The University of Massachusetts Amherst
University of Massachusetts Amherst

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Undergraduate Students

Due to concerns regarding COVID-19, all Biomedical Engineering staff and faculty will temporarily be working remotely. 

Advising is still available via email, or through phone or Zoom by appointment only. Students are encouraged to schedule appointments through Navigate. You can also email Natalia Kolk at nkolk@umass.edu for more information. 

For administrative or financial questions, please email Lucas Iain at iain@umass.edu.  We will update this page with further details once known.

 

 

 

 

 

 

Fall 2020 Registration: Schedule advising appointments through Navigate

 

BME Courses & Electives

ADMISSION INTO BME @ UMASS AMHERST

In the UMass Amherst College of Engineering, enrolled students enter as PR-ENGIN, a.k.a. as pre-engineering, and will have the opportunity to declare their formal major during their sophomore year, based on a cumulative grade point average of 2.0 or higher and successful completion of a set of predictor courses that include:  Chemistry I (CHEM 111);  Calculus I (Math 131); Calculus II (Math 132); General Physics I - Mechanics (Physics 151); Introduction to Programming (ECE 122 or CS 121); College Writing (ENGLWRIT 112); and Introduction to Engineering (ENGIN 114 or equivalent).

TECHNICAL ELECTIVES

Biomedical Engineering students must take 5 technical elective courses (15 credits) in addition to the core and required major courses (outlined in the curriculum above). Pre-approved technical electives can be found linked above, and students may complete the Alternative Elective Form to request approval for a course not on the list. Students can have no more than 3 technical electives at the 200-level, and only one of those courses may be in engineering. Please contact Natalia Kolk if you have any questions regarding this policy.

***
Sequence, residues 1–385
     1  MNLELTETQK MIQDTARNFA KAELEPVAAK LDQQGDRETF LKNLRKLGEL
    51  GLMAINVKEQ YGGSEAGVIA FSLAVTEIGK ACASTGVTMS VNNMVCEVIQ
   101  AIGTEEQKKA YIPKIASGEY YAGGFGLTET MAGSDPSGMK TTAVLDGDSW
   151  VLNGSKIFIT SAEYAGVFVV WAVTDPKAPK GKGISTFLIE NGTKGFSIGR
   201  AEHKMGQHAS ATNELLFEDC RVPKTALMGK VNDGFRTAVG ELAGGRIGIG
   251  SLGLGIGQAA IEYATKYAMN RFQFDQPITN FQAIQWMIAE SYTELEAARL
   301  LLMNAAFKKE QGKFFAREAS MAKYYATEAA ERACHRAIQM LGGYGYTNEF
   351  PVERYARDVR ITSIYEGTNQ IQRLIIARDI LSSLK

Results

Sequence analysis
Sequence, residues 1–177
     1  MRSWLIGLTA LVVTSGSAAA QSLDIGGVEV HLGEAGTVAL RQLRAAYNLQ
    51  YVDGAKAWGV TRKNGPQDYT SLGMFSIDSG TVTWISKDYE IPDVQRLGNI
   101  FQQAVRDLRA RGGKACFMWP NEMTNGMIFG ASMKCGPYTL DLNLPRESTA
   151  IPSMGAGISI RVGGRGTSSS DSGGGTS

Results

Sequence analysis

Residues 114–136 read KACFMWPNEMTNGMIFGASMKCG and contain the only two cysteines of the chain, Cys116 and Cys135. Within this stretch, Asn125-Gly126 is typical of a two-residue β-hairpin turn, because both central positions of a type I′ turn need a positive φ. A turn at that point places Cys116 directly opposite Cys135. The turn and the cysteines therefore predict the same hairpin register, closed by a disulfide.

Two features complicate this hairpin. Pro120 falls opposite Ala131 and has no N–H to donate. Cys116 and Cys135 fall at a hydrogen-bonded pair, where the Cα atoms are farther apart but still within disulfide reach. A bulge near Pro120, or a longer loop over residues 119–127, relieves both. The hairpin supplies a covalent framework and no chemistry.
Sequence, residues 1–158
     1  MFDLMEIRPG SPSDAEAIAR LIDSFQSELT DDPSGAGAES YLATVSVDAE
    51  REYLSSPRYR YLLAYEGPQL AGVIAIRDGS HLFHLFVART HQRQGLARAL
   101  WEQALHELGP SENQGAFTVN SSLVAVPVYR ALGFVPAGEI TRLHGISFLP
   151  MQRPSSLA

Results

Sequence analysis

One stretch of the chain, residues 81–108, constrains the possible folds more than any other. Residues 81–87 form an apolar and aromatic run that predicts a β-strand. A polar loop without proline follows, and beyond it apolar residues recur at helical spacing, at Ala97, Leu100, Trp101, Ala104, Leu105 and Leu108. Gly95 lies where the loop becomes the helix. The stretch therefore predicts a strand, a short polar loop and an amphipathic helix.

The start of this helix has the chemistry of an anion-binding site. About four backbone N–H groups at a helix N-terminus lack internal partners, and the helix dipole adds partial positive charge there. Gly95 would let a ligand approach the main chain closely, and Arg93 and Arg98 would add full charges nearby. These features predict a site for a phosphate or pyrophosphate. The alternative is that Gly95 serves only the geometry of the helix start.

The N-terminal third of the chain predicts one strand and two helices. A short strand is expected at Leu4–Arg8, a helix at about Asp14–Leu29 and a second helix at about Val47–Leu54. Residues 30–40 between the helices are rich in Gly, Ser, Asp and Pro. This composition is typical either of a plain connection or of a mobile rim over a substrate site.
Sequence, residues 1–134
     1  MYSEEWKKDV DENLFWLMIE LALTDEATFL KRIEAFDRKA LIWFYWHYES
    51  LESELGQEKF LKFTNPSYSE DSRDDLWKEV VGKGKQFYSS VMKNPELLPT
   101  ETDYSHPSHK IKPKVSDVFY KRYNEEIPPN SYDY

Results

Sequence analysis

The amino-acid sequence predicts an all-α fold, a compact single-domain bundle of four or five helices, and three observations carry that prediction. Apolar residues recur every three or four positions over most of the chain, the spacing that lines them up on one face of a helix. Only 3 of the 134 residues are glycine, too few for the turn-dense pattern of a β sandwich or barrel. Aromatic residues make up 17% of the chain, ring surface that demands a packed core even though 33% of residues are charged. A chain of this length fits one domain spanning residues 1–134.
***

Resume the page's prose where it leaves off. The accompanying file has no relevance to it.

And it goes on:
CAREER OUTLOOK AND JOB MARKET

Graduates of the biomedical engineering undergraduate degree program will be prepared for a broad range of careers, including medical equipment design and manufacturing, scientific research and development services, pharmaceutical and medicine manufacturing, and work with medical professionals.

The U.S. Bureau of Labor Statistics predicts 23.1% job growth for biomedical engineers between 2014 - 2024. This growth reflects the increased medical demands of our aging population and the increased awareness of the benefits resulting from recent biomedical engineering advances (BLS website, 2015). This growth is much higher than other occupations, and jobs can be found in research facilities, regulatory agencies, hospitals or medical institutions, medical products-related companies, and manufacturing facilities. Within Massachusetts, the Executive Office of Labor and Workforce Development’s long-term industry projection for “Professional, Scientific, and Technical Services” shows an increased employment of 27.3% between 2012 and 2022. According to the Occupational Network, the following educational levels are needed for a job in biomedical engineering: 45% B.S., 35% M.S., 20% Ph.D. Thus, there are opportunities for students with degrees from all levels.